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Thread: [VB6] Class: PathLinks - Tame App.Path Under Vista+

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    Join Date
    Feb 2006

    [VB6] Class: PathLinks - Tame App.Path Under Vista+




    A VB6 self-instantiating Class to be used once (elevated) after application installation to:
    • Pre-Vista: Create any necessary empty data subfolders under App.Path.
    • Vista+: Relocate your App.Path data subfolders to the user R/W "Public" folder.

    The purpose is to let your setup install your application into Program Files, yet let all users run your application and let it read and write files in the data subfolders without changing your application program logic!

    This is one way to solve the "App.Path problem" for installed VB6 applications.

    • Under Windows XP or earlier, nothing new is done except to create empty data subfolders under App.Path on the first run.
    • Under Windows Vista or later, if the first run is done elevated your data subfolders under App.Path are relocated to "Public" and symlinks are dropped into App.Path so your program can automagically find them!
    • Source form in-Project Class, no DLL need be created. The compiler instantiates a global instance of the Class so you don't have to.

    Author Name

    Bob Riemersma

    System Requirements

    Windows 95 with Desktop Update or later.

    Under Windows Vista or later the "Public" special folder must not have been relocated off the "Program Files" drive!

    License Info

    Public domain.

    Use at your own risk for any purpose: private, commercial, governmental, educational, or institutional. Absolutely no warranty or offer of support!

    Misc. Notes
    • Don't try to create an instance of PathLinks. A global instance named PathLinks is automatically created by the compiler.
    • If your "Public" folder has been relocated to a different drive from where your App.Path is then any pre-existing data subfolders in the list passed to PathLinks.Publish() will fail on the move attempt!
    • Do not "publish" subfolders under App.Path that contain DLLs, OCXs, etc. This is just for data and data folders you need read/write access to for any user running your program.
    • Data files placed "naked" right under App.Path without a subfolder can not be helped by PathLinks. If necessary rewrite your program to use these from inside a subfolder.
    • Create your setup package as you would on Windows 2000 or XP. Include any data files in the package, to be deployed to a subfolder under App.Path as always.
    • The only extra step after installing is a user must run your program elevated one time before anyone uses it normally.
    • Once again, pre-Vista PathLinks does nothing except create empty data subfolders for you as required. From there your program runs as always.
    • Exception: If your program tries to MakeDir an empty work folder under App.Path it may fail under this scheme. Let PathLinks create your empty folder under App.Path or else add error checking around your MakeDir statements.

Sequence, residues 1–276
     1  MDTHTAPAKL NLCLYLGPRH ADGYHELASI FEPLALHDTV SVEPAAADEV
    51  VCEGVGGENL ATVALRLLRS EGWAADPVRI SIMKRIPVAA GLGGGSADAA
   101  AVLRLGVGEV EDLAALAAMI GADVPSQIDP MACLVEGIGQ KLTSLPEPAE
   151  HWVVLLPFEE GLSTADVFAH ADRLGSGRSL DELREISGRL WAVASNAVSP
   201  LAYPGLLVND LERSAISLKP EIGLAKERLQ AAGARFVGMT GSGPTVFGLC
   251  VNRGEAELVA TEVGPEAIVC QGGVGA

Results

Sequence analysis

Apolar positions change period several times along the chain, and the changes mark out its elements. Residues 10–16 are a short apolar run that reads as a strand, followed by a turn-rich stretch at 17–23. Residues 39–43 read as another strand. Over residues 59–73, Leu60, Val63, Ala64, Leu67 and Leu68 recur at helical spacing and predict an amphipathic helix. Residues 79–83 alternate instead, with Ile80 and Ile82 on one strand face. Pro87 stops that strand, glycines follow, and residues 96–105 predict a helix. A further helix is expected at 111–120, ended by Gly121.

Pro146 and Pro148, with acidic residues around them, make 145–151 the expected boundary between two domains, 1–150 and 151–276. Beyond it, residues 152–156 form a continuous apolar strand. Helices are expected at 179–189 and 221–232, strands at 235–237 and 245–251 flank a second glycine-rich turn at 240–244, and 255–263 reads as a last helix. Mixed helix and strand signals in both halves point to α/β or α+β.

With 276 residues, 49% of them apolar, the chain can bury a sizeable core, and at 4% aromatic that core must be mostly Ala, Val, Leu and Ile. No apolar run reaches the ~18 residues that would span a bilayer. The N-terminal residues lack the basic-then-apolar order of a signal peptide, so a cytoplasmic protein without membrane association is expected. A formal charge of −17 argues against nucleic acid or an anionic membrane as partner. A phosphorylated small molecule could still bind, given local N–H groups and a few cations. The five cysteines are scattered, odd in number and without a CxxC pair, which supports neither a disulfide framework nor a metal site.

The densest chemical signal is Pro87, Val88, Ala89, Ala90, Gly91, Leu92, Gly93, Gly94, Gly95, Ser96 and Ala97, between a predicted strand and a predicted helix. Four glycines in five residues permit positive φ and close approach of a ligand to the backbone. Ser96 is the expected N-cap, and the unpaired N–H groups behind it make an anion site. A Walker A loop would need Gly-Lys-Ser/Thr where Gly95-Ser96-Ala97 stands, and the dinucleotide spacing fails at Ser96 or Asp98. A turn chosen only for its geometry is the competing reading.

• You could also write a separate small program that just calls PathLinks.Publish() to be run elevated right after installing. Then your actual application program or programs will not need PathLinks in them at all!

    Tested On

    Windows XP SP3, Windows Vista SP2, Windows 7 RC.

    The Demo

    PathLinks is included here as a demonstration project. Note that there is a demojunk subfolder with one text file in it. This is used to demonstrate that data put into an App.Path data subfolder by your setup does indeed get moved to the "Public" folder when run elevated under Vista+ the first run.

    To run the demo:
    • Open the Project and compile it.
    • Run the program under Vista or later, note that it prompts the user to run it as administrator for this first run.
    • Run the program elevated. Close it.
    • Run the program unelevated. Click the buttons to test its ability to write and read data in the defined data subfolders. Close it.
    • Note that the data subfolders are no longer in the App.Path folder. Use Windows Explorer to look inside the "Public" special folder (try C:\Users\Public for most systems) to see where the app data folders have been moved to. Also note the symlinks pointing to these new folders that were created in the App.Path folder.

    Also consider packaging the compiled program and installing it and running it on XP and Windows 7 test systems.

    General usage

    Add PathLinks.cls to your program's Project. Add initialization code similar to that you can see in the demo's Module1.bas module. Compile, test, create a setup package. Add instructions telling the user to run the program once elevated under Vista or later.

    Closing Comments

    This is not the "right way" to handle this issue. However a lot of programmers may find it an elegant alternative to "the right way." It only requires minimal changes to an existing program, which will seem to "see" App.Path as working as always.

    The source code in PathLinks.cls contains a block of comments documenting its usage in more detail.
    Last edited by dilettante; Sep 6th, 2010 at 10:28 AM. Reason: Serious bug. Removed attachment, but will repost soon!

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